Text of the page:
Main sectors The industries with the most measures in force are (i) chemical and allied and (ii) iron and steel with 14 and 13 definitive measures in force respectively.
The largest sectors by market value are iron and steel, with turnover ca. €29 billion, followed by ceramics, with €13 billion turnover
Please see annex 1 for a full data overview.
Employment by sector The total employment in the EU relating to products on which there are AD measures in force, concerning imports from all origins, is ca. 250,000 in 2015. More than 90% (234,300) of those jobs relate to products on which there are measures imposed concerning Chinese imports3.
The sectors with the highest number of jobs in the manufacturing of products subject to AD measures concerning China are ceramics, iron and steel, other mechanical engineering (bicycles), and electronics (solar panels).
The ceramics sector and the iron and steel sector employ 102,600 and 55,000 people respectively, for the manufacture of products covered by AD measures. Total employment in these sectors is larger than what is directly covered by anti-dumping measures. For example, in the iron and steel sector, the total employment is ca. 350,000 people according to Eurofer4.
Employment by Member State and regions 79% of the 234,300 jobs5 in the manufacturing of products covered by the AD measures concerning Chinese imports are in Italy, Germany, Spain, France, Portugal and Poland. For two countries, Ireland and Croatia, the employment figures are not available, due to the recent accession of Croatia to the EU and the predominance of services, rather than manufacturing in Ireland's economy.
The regions manufacturing products subject to AD measures concerning Chinese imports are widely spread across the Union. (e.g. Lombardy in Italy, North Rhine-Westphalia and Saarland in Germany and Catalonia in Spain).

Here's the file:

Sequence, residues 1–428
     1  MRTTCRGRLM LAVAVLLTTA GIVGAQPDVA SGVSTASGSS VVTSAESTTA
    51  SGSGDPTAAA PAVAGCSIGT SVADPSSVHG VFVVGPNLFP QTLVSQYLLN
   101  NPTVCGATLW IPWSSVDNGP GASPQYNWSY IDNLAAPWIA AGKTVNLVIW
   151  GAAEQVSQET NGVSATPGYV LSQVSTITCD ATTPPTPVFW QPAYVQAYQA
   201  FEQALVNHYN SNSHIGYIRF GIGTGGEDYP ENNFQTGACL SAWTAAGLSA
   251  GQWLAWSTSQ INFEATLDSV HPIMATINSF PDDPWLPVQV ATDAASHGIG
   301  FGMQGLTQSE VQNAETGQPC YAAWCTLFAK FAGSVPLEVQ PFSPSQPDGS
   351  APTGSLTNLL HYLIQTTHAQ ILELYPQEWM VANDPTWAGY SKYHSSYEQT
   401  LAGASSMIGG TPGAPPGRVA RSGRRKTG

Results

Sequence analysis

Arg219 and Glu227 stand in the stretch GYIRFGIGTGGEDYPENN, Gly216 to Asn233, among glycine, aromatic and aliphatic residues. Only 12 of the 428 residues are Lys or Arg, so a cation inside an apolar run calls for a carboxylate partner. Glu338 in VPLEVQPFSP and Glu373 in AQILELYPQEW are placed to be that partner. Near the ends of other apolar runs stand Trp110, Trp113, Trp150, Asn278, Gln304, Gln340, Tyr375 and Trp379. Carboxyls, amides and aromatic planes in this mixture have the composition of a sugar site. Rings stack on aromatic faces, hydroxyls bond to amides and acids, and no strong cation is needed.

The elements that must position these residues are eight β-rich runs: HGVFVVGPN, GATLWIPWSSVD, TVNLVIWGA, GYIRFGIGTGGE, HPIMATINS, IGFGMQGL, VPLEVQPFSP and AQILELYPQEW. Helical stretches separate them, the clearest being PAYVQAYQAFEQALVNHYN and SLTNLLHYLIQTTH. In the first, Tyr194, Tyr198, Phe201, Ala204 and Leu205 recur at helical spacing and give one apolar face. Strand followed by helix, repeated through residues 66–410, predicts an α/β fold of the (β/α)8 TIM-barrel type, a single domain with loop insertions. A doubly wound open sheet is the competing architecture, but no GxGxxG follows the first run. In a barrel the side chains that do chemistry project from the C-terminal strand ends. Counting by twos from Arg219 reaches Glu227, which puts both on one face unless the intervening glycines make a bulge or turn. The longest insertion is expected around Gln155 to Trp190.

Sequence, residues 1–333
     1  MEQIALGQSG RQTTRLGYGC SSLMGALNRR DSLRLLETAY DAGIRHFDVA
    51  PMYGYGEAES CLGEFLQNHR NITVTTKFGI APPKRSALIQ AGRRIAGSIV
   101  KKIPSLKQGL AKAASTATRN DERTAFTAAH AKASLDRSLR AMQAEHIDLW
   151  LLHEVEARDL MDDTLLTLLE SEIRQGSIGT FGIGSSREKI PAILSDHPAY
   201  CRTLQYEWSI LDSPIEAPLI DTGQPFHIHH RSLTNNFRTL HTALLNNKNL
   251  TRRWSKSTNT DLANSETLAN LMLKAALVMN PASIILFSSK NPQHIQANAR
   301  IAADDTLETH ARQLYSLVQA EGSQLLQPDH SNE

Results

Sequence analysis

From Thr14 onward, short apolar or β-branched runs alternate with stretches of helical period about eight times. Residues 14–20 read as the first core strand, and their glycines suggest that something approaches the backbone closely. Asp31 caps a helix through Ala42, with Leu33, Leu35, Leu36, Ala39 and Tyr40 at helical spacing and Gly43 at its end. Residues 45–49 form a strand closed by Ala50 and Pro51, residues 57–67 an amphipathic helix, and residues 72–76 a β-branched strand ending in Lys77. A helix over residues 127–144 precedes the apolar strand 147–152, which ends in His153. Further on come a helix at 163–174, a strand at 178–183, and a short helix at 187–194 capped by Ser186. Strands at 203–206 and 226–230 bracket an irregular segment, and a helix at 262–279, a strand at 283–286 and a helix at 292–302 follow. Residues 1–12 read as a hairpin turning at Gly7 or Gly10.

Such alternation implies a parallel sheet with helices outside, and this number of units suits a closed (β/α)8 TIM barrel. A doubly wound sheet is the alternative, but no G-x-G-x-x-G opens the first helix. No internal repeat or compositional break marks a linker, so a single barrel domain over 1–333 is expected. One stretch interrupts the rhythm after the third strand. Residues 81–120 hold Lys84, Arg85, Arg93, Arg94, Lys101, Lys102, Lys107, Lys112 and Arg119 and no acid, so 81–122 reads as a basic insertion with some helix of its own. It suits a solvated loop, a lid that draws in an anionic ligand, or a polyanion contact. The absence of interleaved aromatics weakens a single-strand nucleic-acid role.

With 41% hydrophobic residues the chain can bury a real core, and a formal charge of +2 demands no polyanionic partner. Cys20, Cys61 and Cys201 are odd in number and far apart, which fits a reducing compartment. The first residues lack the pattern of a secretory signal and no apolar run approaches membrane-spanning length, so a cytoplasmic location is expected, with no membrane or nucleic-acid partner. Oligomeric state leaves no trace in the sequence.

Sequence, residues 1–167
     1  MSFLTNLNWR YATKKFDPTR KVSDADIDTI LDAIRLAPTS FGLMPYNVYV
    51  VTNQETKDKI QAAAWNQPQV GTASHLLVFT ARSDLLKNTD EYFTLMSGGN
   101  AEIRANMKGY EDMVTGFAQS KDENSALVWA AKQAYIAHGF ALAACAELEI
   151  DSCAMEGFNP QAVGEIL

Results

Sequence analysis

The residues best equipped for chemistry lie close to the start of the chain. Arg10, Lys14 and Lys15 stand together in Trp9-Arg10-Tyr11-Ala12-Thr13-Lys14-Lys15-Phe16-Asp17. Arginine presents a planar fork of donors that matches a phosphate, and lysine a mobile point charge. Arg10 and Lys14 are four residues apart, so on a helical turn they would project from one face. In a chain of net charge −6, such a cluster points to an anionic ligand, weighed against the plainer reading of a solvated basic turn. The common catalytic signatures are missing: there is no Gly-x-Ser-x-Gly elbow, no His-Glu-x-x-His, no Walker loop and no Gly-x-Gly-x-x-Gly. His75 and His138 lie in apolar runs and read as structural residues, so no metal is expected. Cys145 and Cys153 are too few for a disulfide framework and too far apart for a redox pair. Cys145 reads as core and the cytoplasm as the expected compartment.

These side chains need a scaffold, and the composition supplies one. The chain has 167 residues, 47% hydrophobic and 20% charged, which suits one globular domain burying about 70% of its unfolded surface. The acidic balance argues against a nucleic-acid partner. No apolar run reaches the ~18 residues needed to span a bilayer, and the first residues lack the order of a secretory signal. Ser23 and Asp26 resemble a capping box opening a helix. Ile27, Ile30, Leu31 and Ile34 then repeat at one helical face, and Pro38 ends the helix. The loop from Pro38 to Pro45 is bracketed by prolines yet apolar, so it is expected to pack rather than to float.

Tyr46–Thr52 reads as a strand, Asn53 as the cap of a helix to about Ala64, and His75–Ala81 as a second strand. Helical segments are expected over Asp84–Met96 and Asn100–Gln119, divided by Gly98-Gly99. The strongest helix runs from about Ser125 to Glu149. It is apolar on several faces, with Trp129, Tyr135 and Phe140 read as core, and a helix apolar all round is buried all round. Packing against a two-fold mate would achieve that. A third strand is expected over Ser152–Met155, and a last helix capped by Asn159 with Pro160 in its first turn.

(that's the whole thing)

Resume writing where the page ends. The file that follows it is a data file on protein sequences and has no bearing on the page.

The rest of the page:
Please see annex 2 for a full data overview of employment per Member State for products directly affected by anti-dumping measures concerning China, broken down by sector.
5. Options The Commission is exploring a number of possible options to follow up the expiry of the provisions in China's Protocol of Accession to the WTO. Given the slowdown of the Chinese economy coupled with the excess capacities in a number of sectors, notably in steel, such analysis is of particular importance. The Commission is currently conducting an assessment of the possible impact of each option. Work is on-going.
There are three basic options:
Option 1: Leaving the EU legislation unchanged: This option would consist in continuing to apply the anti-dumping investigations concerning Chinese products -including to the reviews of the 52 measures currently in place, the non-market economy methodology.
There is a clear risk that this option could put the EU in breach of WTO obligations and may be challenged leading to compensation.6
Economic impact of option 1:
It is not possible to quantify at this stage the economic impact of such a scenario, which depends on a number of factors currently unknown, with potential challenges and costs including in employment terms.
Option 2: Changing the antidumping methodology for trade defence investigations against China with no mitigating measures:
EU law would be modified to reflect the expiry of the transitional arrangement by removing China from the list of non-market economy countries. It would require an ordinary legislative procedure amending the antidumping regulation.